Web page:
Your Contact Lenses Can Now Seep Antihistamines Into Your Eyes, If You Want

Your Contact Lenses Can Now Seep Antihistamines Into Your Eyes, If You Want

The future of eye care looks poised to involve specialised contact lenses filled with medicine. The Food and Drug Administration has approved a new type of contact that releases an antihistamine to help prevent itchy eyes from allergies for up to 12 hours. Similar treatments for other eye diseases may be on the way soon.

The antihistamine is called ketotifen, and it’s been in use since the 1970s. Ketotifen is a common treatment for itchy eyes caused by allergy, but up until now it’s been given through eye drops. This new product, developed by Johnson & Johnson, will be branded Acuvue Theravision with Ketotifen. It’s the first FDA-approved treatment to use a concept known as a drug-eluting contact lens.

In clinical trials, the Theravision lens performed better than a placebo lens and reliably relieved itchy eyes in as little as three minutes, while working for as long as 12 hours. Because it’s also a corrective lens, people can wear it to help with their eyesight as they would any other daily disposable contact.

“These new lenses may help keep more people in contact lenses, since they relieve allergic eye itch for up to 12 hours, without the need for allergy drops, and provide vision correction,” said Brian Pall, director of clinical science at Johnson & Johnson Vision Care, in a statement.

Scientists have been working on drug-eluting contact lens technology for decades. Ideally, these treatments would provide a more consistent dose of a medicine than eye drops do and would come with less discomfort than needles or other invasive delivery methods. But it’s proven to be a challenge to find the right mix of materials that would allow contacts to work as normally intended while slowly releasing their payload of medicine, at least until recently. This new FDA approval now looks to be the first of many.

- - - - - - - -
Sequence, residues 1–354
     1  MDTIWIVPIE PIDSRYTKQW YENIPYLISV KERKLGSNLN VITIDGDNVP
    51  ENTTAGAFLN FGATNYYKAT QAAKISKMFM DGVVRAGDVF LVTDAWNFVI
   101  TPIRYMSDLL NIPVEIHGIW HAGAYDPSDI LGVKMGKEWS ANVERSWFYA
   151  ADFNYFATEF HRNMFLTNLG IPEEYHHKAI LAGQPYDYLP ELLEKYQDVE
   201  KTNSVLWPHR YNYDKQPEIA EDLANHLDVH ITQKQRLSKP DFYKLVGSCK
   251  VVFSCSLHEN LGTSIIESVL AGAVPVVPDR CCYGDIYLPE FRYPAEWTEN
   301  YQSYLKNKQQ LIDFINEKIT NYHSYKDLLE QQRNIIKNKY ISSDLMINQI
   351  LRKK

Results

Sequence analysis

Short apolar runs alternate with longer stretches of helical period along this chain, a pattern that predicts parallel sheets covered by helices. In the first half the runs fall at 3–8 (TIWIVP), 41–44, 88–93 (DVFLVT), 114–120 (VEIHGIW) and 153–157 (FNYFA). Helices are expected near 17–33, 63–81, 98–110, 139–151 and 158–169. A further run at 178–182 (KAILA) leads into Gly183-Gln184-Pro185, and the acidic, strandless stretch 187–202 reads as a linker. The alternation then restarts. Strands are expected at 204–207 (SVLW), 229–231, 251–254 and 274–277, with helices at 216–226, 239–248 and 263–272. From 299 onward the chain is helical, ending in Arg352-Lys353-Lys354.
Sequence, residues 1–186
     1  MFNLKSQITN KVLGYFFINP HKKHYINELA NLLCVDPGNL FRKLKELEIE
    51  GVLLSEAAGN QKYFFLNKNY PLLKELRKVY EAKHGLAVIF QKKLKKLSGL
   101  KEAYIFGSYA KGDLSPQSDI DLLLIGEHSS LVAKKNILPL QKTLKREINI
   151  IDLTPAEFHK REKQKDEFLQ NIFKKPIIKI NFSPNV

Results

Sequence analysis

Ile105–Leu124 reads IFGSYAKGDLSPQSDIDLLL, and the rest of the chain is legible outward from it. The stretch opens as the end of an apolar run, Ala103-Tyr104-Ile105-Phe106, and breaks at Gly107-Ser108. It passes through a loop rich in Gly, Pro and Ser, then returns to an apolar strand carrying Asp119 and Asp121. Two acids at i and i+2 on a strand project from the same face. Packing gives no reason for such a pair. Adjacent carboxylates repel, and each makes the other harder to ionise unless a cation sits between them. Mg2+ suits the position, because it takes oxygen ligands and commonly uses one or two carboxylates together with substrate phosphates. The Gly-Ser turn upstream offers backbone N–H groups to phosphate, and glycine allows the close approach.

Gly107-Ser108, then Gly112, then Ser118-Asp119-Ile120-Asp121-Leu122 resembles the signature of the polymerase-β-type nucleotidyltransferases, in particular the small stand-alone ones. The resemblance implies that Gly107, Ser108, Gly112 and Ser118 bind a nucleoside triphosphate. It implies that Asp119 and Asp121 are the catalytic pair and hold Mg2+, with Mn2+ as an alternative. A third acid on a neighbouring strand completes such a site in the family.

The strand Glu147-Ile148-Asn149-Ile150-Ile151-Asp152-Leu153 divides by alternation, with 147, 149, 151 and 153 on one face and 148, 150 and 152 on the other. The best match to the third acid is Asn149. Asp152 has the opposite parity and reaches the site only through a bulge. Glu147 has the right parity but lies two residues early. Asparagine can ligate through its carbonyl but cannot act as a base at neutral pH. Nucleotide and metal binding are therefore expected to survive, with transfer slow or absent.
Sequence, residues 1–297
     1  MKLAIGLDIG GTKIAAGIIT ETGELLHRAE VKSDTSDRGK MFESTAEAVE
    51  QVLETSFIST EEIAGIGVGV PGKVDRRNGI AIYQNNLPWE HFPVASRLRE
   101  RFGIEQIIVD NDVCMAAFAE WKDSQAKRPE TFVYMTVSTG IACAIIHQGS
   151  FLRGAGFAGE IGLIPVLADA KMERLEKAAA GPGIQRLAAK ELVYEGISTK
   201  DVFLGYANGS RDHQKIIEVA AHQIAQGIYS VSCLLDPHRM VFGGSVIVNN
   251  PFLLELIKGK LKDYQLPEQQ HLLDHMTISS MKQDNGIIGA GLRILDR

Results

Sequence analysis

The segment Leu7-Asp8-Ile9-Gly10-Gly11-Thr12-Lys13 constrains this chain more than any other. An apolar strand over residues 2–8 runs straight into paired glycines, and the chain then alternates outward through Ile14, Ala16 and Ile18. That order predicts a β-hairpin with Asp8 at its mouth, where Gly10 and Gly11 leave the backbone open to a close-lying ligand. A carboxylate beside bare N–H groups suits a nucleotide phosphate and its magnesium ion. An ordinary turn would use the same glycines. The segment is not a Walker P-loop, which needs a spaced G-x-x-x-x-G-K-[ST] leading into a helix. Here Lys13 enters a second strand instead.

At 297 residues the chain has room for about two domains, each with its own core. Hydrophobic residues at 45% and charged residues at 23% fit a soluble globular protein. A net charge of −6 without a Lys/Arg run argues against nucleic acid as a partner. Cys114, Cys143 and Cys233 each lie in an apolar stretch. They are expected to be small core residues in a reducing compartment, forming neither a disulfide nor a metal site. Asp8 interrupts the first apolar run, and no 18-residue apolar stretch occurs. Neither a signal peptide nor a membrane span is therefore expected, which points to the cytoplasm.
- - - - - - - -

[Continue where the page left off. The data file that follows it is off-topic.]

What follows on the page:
As reported by Wired, there are various pharmaceutical companies and research teams hoping to develop similar treatments for eye conditions like cataracts and glaucoma, including Johnson & Johnson. The next step forward might be longer-lasting lenses that can dose people over a period of several days rather than hours. It will still take some time for this first product to reach the U.S. public, but it’s already available in Canada and Japan.

In other contact lens news this week, a company called Mojo Vision reports that it has a prototype for an augmented-reality contact lens designed to overlay a display onto the real-world view. While it’s not yet an actual product, the company says its technology could one day be useful to people who are partially blind — helping them to better see things like road signs — and athletes, who might use the on-eye display to track performance.